When it comes to cigars, there are a lot of different factors that go into making the perfect smoke.
So how are cigars measured?
This blog post will teach you ways to determine how are cigars measured, including learning about the different shapes, sizes, and colors of cigars!
How Are Cigars Measured?
There are many different types of cigars, but they’re all generally classified by three distinct measurements: shape, size, and color.
The most important factor in a cigar’s measurement is its shape, which is determined by the cigar’s width and length.
Cigar sizes are measured by two factors:
- Length – which is provided in inches
- Ring gauge – which is a classification of a cigar’s diameter split down into 64ths of an inch.
For example, a cigar with a ring gauge of 42 is 42/64 of an inch in diameter.
An 8-inch cigar rolled with light tobaccos will be mellow, but a thin, short cigar rolled with robust tobaccos will be full-bodied.
While the tobacco used to roll a cigar determines its intensity, thin cigars burn hotter than thicker ones.
Read More: What Do Cigars Taste Like? We take a deep dive into the different flavors and notes commonly found in cigars!
Popular Cigar Sizes
From smallest to largest, these are the most common cigars found on the market:
The Gordito is one of the newer sizes on the market, and it’s gaining popularity due to its inexpensive price. This short and fat cigar is ideal for a rapid and smokier experience.
The Robusto, another newcomer to the cigar size landscape, has quickly dominated the U.S. market and has become the standard size.
Because of its greater length and larger ring size, this cigar produces richer smoke (similar to the Corona).
The word “Gordo” is Spanish for “fat,” and it’s commonly used to indicate a cigar with a ring size of more than 60.
The Gordo is a bigger, smokier cousin of the Gordito, and provides a longer, more enjoyable experience.
Petit Corona (4.5×42)
The Petit Corona, sometimes known as the “Half Corona,” is the market’s smallest hand-rolled cigar. If you’re looking for a fast smoke, this pint-sized cigar is ideal.
The Toro, also known as “Corona Gorda,” is similar to the Robusto, but has a longer burn period.
Read our related article where we compare Toro VS Robusto in a comprehensive guide!
Corona Double (7.5×50)
The full-bodied Double Corona burns for hours, has a pleasant aroma, and the flavor notes unfold, much like the Churchill.
Gran Corona (9.25×47)
The Gran Corona, which is the “Presidente” of the cigar family, is large in size, length, and girth and will take you hours to appreciate.
This cigar has a comparable smoking experience to the Double Corona.
The Lonsdale, sometimes known as the “Cervante,” has witnessed a drop in popularity.
However, it’s still created by Cuban cigar makers for individuals who prefer smoking Lonsdales.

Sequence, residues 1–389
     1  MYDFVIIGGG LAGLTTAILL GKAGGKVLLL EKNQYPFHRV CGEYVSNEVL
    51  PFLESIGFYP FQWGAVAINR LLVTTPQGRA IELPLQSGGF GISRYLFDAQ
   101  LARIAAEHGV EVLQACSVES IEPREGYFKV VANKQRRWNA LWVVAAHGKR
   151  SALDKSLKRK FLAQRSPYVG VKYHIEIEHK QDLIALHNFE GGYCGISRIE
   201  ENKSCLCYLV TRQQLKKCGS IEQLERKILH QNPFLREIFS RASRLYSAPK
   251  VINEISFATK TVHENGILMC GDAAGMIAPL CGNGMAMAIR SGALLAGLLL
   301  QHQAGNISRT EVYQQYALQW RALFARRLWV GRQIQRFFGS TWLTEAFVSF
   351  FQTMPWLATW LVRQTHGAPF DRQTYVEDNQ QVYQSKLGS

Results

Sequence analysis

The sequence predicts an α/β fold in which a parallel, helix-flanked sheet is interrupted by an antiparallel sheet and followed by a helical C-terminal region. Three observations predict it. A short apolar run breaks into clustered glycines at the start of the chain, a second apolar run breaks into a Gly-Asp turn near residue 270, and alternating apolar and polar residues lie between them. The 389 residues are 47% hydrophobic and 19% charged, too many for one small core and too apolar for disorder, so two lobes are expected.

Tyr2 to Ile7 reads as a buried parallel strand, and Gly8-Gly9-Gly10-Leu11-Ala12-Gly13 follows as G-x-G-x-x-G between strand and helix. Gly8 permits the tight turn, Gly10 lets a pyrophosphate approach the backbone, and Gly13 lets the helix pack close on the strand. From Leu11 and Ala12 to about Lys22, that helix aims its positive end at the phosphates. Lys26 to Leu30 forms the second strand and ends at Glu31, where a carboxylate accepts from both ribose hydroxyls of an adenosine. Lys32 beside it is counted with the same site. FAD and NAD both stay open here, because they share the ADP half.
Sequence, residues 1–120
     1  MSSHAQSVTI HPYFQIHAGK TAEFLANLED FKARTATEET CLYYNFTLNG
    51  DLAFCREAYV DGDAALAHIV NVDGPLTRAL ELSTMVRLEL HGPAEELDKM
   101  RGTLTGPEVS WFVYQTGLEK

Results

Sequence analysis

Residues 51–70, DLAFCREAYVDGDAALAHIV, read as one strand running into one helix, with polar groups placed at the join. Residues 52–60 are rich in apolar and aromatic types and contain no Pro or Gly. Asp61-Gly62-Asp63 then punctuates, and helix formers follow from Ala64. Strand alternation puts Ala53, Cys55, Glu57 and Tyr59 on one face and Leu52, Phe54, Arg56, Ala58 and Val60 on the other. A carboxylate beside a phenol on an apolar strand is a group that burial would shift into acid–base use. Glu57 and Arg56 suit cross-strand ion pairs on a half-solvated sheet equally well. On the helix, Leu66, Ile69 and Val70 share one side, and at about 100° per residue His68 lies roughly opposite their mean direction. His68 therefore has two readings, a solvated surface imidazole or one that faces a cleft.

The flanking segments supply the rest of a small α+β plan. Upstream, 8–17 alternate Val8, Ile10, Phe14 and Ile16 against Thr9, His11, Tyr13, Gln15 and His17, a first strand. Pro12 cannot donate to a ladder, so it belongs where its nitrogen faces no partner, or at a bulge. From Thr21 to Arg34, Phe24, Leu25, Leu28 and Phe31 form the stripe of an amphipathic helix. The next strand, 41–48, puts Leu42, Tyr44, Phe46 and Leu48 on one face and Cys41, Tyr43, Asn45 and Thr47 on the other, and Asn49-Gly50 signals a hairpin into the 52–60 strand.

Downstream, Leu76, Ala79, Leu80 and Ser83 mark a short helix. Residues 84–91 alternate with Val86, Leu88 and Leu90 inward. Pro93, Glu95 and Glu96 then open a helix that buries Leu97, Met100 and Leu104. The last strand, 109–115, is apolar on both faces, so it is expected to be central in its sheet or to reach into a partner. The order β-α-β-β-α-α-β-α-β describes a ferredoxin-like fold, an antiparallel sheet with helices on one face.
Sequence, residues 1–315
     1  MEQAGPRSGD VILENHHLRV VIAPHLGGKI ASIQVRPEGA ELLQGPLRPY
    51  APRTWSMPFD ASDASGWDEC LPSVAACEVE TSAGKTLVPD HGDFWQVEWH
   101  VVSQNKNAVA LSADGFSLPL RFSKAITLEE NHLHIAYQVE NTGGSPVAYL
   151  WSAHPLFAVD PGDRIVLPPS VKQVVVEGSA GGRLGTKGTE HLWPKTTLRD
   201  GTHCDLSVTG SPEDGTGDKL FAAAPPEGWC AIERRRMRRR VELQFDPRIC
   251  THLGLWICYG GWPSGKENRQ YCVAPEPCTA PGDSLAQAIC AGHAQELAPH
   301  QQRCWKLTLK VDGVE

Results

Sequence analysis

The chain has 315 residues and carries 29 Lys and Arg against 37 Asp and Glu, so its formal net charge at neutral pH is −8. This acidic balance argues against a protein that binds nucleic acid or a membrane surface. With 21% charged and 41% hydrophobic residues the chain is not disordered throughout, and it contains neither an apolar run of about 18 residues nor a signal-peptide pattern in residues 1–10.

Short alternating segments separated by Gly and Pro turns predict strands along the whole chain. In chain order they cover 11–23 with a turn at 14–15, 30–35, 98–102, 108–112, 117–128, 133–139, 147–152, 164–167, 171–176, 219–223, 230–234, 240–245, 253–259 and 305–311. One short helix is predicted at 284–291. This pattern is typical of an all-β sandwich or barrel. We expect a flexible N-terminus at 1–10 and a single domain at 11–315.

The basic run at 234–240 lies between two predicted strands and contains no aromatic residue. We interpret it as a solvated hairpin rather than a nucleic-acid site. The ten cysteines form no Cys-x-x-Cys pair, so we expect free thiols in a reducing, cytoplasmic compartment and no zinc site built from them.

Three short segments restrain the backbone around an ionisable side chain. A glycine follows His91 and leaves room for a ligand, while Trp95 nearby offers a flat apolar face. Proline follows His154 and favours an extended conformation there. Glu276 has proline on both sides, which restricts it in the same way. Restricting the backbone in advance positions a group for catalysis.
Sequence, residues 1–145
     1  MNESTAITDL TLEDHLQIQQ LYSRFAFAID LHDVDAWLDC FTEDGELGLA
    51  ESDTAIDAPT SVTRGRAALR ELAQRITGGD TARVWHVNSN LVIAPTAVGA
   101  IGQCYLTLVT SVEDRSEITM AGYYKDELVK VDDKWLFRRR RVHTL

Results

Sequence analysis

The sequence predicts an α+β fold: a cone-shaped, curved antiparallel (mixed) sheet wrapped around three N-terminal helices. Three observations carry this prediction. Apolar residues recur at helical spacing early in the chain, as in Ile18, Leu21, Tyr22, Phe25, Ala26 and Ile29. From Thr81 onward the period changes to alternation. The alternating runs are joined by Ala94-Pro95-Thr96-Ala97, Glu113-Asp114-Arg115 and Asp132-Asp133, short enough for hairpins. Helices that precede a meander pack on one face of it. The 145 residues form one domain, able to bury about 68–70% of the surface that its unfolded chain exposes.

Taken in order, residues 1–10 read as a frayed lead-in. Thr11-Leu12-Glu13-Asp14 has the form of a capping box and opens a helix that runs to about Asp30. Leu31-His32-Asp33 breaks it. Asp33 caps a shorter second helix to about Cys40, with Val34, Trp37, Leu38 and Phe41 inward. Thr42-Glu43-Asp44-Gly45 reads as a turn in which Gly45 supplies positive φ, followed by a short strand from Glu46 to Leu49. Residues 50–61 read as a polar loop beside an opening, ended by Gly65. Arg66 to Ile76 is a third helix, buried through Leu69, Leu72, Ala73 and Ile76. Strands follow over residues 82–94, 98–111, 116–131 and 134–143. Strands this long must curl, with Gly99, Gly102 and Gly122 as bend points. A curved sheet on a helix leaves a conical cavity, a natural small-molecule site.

The Julieta No. 2 was nicknamed Churchill after Winston Churchill, one of the world’s most famous cigar enthusiasts.
These cigars endure a long time and evolve in flavor and complexity as they smoke.
Because of their resemblance to Churchill, the Lanceros are sophisticated cigars that are becoming increasingly popular (complexity notes).
Unlike the Gordo, the aristocrats like a cigar that is slender, long, and exquisite.
Even though the Panetela has fallen out of favor in recent years, Cuban cigar producers continue to make it.
The Corona is the industry’s gold standard, producing less smoke but burning hotter than the popular Robusto. Surprisingly, the ring size ranges from 42-46/64th.
Read More: How to Smoke a Swisher Sweets. Swisher Sweets cigars come in tons of yummy flavors so you can enjoy every puff! Learn how to smoke them.
Cigar wrappers come in a variety of colors, ranging from mild greens and yellows to dark black.
The rainbow has seven primary colors, and wrappers have seven basic color distinctions, with an infinite number of shades between each hue.
To begin comprehending the color designations, remember that the color “colorado” is in the center of the color range, much as the state of Colorado is in the middle of the United States.
This wrapper is bright green, the result of a quick-drying technique that locks in the green chlorophyll of the tobacco.
A pale tan tint is obtained typically by growing in the shade under cheesecloth tents, plucking the plants early, and air-drying the leaves.
These wrappers have a little flavor to offer so that the filler tobaccos dominate the taste of the cigar.
Light reddish-brown; frequently grown in direct sunshine and allowed more time to mature before plucking.
Read More: How to Cut Cigars. Cutting your cigars the right way is the difference between a pleasurable smoke and an unraveled cigar.
The color scale’s center. These cigars are medium-brown to brownish-red in color and full-flavored, yet their aroma is mild and delicate.
These wrappers are frequently cultivated in the shade.
The Manduro Colorado is a dark brown color and has a full flavor.
If you are new to Maduro Colorado cigars, the video below gives a great overview of the best ones for beginners:
This black-as-night wrapper hue is obtained by fermenting the leaves for an extended period of time, using only leaves from the top of the plant.
A cigar with a Maduro wrapper has a distinct flavor: it has a light aroma, but a powerful, almost sweet flavor.
Read More: How to Store Cigars. Learn how to store your cigars correctly with or without a humidor!
How Do You Feel?
Aside from intensity and flavor, many cigar enthusiasts favor different ring gauges due to how comfortable a cigar feels in the mouth and in the hand.
If you smoke a Corona, you’ll feel like you’re clutching a toothpick.
If you like Coronas and smoke a 60-ring gauge cigar, it will feel like sucking on a tailpipe. Everything comes down to personal taste.